A sisterly effort
First Posted: 9/9/2014
When Wilkes-Barre native Nicole Frail talks about cooking, eating and even cleaning up afterward, she makes it sound so much like a game that you want to grab a spatula or a dish towel and join right in.
“It’s such a great time,” she said, describing cooking with her boyfriend, Matthew Magda, as an adventure. “We put on music when we cook and we’re in the top floor of an apartment building so it’s pretty warm all the time. We’re running for a fan to plug it in and aim it at the ceiling.”
Frail doesn’t complain about lugging groceries to the fifth-floor Manhattan walk-up or about the limits of her kitchen counter other than to describe it, with a laugh, as “the size of a cutting board; it’s ridiculous. I immediately take all the pots and pans and start washing them because we need the space.”
Eager to share their enthusiasm for cooking, Frail, who works as an editor at New York-based Skyhorse Publishing and Magda, who is a professional cook at Betony, a restaurant in Midtown Manhattan have created “The Little Red Book of Kitchen Wisdom,” a collection of quotations from authors, chefs, comedians, philosophers and other observers of life.
If you want to know what Voltaire had to say about ice cream or why a meat expert named Bruce Aidelis bypasses his many other pots and pans in favor of a humble, second-hand skillet, this little book can supply some food for thought.
“We put the book together last November,” Frail said, explaining it fit nicely into Skyhorse’s “Little Book” series of slim volumes with brightly colored covers.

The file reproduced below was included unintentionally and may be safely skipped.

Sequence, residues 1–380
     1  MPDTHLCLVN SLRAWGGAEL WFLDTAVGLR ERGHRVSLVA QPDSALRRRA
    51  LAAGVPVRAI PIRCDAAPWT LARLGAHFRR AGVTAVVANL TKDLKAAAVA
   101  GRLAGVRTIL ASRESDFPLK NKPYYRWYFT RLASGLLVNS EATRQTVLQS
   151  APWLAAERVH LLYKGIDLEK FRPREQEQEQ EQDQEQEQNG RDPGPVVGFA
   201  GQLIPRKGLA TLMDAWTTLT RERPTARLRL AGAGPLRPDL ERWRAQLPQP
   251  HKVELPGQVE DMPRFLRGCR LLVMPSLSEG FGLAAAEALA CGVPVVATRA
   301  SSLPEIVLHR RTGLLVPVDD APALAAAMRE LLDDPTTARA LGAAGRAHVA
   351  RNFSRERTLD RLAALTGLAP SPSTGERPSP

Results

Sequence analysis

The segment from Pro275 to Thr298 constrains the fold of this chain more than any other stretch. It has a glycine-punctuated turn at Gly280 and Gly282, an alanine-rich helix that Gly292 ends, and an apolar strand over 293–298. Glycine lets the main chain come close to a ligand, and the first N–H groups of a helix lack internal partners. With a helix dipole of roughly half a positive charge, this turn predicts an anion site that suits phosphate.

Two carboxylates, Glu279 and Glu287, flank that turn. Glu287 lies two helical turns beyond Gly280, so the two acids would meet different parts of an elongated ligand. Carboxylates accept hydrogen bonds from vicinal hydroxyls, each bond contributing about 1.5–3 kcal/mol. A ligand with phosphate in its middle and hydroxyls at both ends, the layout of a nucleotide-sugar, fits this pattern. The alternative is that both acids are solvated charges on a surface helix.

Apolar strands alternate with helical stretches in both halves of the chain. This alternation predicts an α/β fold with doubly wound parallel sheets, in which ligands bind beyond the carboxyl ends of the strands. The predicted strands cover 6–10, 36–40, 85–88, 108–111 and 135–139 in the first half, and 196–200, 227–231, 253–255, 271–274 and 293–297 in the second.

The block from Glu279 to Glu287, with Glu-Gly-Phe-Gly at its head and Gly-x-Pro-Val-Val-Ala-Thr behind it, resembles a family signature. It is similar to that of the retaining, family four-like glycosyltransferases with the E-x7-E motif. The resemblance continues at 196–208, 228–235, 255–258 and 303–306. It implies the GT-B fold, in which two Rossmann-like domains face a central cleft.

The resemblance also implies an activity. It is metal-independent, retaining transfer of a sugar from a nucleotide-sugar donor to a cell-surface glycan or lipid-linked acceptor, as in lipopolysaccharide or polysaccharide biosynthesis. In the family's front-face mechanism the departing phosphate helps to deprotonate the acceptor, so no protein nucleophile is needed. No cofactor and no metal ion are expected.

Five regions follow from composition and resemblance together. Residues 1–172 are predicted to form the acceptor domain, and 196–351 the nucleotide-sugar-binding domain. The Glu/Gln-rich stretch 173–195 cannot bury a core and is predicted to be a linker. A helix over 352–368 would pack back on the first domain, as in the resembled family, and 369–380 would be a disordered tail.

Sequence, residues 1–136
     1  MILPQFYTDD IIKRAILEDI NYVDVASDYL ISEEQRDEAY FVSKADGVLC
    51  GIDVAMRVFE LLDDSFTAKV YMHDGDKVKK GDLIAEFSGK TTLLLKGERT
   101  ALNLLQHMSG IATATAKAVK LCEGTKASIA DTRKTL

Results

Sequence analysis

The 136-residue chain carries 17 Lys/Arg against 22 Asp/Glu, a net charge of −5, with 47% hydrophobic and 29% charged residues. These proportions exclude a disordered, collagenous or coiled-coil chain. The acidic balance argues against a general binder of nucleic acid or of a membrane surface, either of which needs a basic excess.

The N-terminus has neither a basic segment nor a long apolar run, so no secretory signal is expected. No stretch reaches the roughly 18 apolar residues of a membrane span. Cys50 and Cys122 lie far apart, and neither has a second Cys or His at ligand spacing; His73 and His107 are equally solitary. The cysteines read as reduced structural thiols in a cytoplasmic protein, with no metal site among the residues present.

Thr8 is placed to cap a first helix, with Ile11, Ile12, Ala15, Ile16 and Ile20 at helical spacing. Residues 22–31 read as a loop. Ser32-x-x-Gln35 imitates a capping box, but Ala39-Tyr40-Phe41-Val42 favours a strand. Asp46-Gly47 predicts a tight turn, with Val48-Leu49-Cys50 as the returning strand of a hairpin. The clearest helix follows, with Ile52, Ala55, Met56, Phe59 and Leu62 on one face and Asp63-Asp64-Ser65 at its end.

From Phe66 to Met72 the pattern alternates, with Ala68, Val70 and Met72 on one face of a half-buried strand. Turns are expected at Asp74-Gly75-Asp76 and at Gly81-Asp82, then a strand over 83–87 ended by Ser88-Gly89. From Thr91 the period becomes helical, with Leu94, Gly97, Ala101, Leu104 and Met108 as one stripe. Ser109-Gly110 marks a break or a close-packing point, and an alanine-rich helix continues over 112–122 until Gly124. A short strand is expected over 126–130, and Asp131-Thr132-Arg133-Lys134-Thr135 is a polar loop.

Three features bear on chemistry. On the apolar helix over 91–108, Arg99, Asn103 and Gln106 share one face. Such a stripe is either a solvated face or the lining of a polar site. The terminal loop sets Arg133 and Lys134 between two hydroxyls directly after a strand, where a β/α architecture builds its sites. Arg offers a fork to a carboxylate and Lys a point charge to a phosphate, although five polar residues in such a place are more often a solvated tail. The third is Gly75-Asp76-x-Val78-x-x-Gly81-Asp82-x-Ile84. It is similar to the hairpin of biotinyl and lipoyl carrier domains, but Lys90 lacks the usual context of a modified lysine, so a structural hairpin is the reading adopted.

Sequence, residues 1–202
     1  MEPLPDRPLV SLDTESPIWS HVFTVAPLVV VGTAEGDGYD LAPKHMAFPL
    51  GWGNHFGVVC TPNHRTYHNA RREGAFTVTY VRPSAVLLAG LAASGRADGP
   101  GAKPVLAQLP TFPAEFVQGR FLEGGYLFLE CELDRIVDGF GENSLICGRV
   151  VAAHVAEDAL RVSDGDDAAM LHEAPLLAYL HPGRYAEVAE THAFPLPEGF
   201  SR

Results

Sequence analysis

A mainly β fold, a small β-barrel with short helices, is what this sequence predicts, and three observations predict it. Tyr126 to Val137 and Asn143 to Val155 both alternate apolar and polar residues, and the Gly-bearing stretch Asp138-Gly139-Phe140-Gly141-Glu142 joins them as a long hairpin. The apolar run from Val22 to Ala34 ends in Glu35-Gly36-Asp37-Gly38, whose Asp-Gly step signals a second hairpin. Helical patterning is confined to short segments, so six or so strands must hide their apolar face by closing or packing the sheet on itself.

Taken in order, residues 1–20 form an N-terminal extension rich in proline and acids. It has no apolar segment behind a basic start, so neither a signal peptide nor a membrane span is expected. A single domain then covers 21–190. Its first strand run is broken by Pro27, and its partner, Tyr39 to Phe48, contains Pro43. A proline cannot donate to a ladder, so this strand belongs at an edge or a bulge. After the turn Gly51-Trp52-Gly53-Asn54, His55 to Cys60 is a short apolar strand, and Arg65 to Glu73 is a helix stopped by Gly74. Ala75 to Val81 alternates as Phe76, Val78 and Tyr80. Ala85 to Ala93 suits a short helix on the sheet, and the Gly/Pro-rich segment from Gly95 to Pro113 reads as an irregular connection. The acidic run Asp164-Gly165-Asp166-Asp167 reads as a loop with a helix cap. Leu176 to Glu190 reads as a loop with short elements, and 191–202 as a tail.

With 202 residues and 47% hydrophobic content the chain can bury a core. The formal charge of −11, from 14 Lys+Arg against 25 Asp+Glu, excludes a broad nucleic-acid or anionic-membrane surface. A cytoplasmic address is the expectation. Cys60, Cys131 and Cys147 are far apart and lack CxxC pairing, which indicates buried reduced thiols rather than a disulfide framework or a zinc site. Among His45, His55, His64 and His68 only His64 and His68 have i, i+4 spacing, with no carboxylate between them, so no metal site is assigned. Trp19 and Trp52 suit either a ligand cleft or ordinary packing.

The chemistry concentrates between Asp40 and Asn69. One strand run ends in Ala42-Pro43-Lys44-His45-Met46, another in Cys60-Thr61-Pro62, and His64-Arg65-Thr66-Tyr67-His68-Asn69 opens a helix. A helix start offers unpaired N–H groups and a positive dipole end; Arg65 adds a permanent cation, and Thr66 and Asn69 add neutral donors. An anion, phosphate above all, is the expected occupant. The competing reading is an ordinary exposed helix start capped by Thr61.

Her sister, Kerri Frail, who used to pitch in and clean up after dinner alongside Nicole when they were growing up together in the Wilkes-Barre area and while they were both students at Wilkes University, also helped with the book. Kerri Frail contributed graphic illustrations that depict such foods as sushi, peanuts and a pot of savory tomato paste. She works as a graphic designer and marketing specialist at Mericle Commercial Real Estate Services in Wilkes-Barre.
So, what does “The Little Red Book of Kitchen Wisdom” have to say about food? Here are some of the thoughts it contains:
• “Wherefore do ye spend money for that which is not bread? … Eat that which is good and let your soul delight in fatness.” — Isaiah 55:2
• “I have often wondered who was the first person to realize that eating an artichoke was a good idea.” — Chris Cosentino, “Beginnings.”
• “What is soup? It is some sort of food, diluted with enough liquid for you to be able to eat the dish with a spoon. It isn’t any more complicated than that.” — Sten Sture Skaldeman, “The Low Carb High Fat Cookbook”
• “I own a few hundred pots and pans, but the one I use most frequently is a cast-iron skillet left behind by a college roommate back in the ’60s. Nothing beats this skillet for cooking thick steaks or pork chops to juicy perfection.” —Bruce Aidelis, “The Complete Meat Cookbook”
• “Shopping from the gut makes me feel womanly.” — Alyssa Shelasky, “Apron Anxieties.”
• “I equate [being the chef] to a conductor conducting an orchestra. The conductor is the one who’s getting billing. You don’t expect the conductor to jump in and start playing the instruments. In fact, if he does, you’re in trouble. Same thing
with a chef.” — Tom Colicchio to Scott Raab, “Esquire”
• “Ice-cream is exquisite. What a pity it isn’t illegal.” — Voltaire
• “Love is the jelly to sunshine’s peanut butter. And if I tell you that I’m in sandwich with you, I”m not just saying it to get in your Ziploc bag.” — Jarod Kintz, “Love Quotes for the Ages. Specifically Ages 18 – 81.”